Visual Basic 6.0 to VB.NET Upgrade Guidance – Community Pre-Release


The Patterns and Practices group is working on providing guildance on moving from VB 6.0 to either 2003 or 2005.  They are also working on a new Migration Assessment tool.  You can join the workspace for the upcoming guidance and get a preview of the guidance and upcoming Migration Assessment tool by checking out the community preview on their workspace.


Comments (5)

  1. Rufus T. Firefly says:

    RE: Converting VB6 to VB.NOT

    Your conversion tool is all backward. The trouble is lets say you take a 10,000 line application and try to convert it. Now you have 10,000 lines of code that not only doesn’t work, it won’t even compile, and it’s littered with "TODO" comments, and it’s written in a language that never should have been invented and nobody wants. But if someone wants to convert to VB.NOT, it would be better to proceed like this:

    Step 1. Run a tool that identifies conversion problems in the original code. Fix those problems while still in VB6 and while the app still compiles and works. I.e., without breaking the application you make it as convertable as possible.

    Step 2. Run the converter. Decide whether to continue on with the converted, broken code, or go back and continue to work on the original code.

    Here’s another problem with the converter: it should comment out unreferenced things that won’t convert instead of barfing. For example I have a huge .bas file full of declares for win32 calls. I share it between projects, but each project only uses a small percentage of the declares. So it would be a lot easier to convert if it didn’t barf on the stuff that isn’t even being used.

    Also: it would be nice if you would allow for user-defined conversion patterns. Then when something causes the converter to barf, on something that occurs all over the place in the program, I can add something to tell the converter how to handle it, rather than change every instance by hand. Also, something like a ‘HINT: comment in the original VB6 code might be a way to address some of these problems.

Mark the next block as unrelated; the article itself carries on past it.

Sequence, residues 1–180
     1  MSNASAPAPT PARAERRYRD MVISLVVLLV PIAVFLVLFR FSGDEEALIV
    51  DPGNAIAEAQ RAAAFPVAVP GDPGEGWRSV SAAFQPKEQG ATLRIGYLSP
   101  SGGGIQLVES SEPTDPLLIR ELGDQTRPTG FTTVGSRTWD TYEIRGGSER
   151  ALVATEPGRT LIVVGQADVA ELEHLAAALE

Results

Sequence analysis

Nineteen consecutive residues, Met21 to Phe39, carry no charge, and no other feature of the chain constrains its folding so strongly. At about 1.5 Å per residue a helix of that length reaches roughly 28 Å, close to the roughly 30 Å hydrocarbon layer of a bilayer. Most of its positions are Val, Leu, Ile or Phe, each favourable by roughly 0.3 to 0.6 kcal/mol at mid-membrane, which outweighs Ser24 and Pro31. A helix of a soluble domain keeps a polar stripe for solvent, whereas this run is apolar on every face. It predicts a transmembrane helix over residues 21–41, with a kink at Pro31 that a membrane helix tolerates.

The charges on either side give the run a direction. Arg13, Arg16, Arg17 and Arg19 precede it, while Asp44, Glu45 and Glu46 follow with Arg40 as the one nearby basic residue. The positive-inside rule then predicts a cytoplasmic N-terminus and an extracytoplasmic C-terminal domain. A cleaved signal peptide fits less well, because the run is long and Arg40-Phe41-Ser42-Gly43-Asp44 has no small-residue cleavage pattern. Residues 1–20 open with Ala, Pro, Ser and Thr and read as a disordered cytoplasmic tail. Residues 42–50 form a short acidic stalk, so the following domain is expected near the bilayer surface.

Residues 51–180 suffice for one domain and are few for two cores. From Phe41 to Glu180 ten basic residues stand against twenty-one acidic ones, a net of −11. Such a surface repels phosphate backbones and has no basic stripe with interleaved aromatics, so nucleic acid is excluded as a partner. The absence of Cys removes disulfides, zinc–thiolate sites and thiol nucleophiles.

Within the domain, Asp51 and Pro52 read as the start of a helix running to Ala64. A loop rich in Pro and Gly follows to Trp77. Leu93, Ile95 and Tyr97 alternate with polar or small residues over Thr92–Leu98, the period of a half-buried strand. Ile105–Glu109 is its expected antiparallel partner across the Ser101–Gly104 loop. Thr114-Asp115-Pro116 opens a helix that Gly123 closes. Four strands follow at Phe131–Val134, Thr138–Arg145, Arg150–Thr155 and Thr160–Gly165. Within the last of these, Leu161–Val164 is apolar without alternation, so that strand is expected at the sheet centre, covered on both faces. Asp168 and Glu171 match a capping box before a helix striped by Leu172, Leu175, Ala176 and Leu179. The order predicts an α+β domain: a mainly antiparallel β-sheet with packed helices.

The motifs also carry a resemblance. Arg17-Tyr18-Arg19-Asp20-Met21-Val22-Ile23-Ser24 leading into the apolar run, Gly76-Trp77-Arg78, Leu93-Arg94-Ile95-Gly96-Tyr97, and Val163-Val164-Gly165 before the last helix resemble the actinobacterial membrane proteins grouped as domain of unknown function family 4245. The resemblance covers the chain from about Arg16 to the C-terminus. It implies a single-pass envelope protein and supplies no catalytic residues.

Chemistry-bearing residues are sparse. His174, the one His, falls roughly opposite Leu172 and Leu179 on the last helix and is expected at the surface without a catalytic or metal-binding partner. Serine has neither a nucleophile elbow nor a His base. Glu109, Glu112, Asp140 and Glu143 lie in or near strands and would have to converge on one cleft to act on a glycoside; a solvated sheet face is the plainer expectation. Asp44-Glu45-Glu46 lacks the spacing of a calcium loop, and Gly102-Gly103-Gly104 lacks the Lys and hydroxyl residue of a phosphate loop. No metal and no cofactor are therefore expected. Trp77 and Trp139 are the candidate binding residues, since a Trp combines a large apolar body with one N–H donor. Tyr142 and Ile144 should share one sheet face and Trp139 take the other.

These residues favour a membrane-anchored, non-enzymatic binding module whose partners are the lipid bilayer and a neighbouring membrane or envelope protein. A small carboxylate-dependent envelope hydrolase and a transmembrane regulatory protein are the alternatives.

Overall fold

I think you have grossly misunderstood the extent to which people have to work around Microsoft BS, so that you have things in VB code like a zillion API calls, memory copies, etc., stuff people had to do by experiment just to get the app to work the way they wanted.

    Well, you have my sympathy. VB.NOT was a HUGE mistake, and now you’re stuck. I can’t believe, no, I CAN believe, Microsoft took the most successful program language of all time, the one product Microsoft was ever competent to develop, and trashed it. Cool!

    Thanks and keep up the good work!

    Sincerely,

    Ruf

  2. Brad_McCabe says:

    When we talk with people at migration we talk about various approaches and picking the option that works best for you. It is not all about some magical wizard that is a 100% percent perfect for every person and every situation. Each application and company is different and needs to be examined for the best solution.

    For some folks using COM Interop and having VB 6 and VB.NET in the same application is the best option. For more information on this see http://msdn.microsoft.com/vbrun/vbfusion/default.aspx or http://msdn.microsoft.com/vbrun/staythepath/additionalresources/upgradingvb6/chapter9.pdf. This is the course of action most people take. You can leave middleware allow in COM objects and replace the front end. You can replace the middleware and leave the front end allow, the possibilities are pretty open to migrate in steps of months or potentially years if desired.

    For some people the state of the application, age, quality of the original application, in house knowledge of the code, etc… can lead to the recommendation that the best course of action is to rebuild the project from scratch. While the most work, in some cases, this is the best and fastest approach.

    For some people migrating 100% of the code at once is the best option. When this is the case our recommendation is exactly the two steps that you suggest. First we recommend that you use the Add-in Code Advisor in VB 6.0 to help clean up any issues ahead of the migration.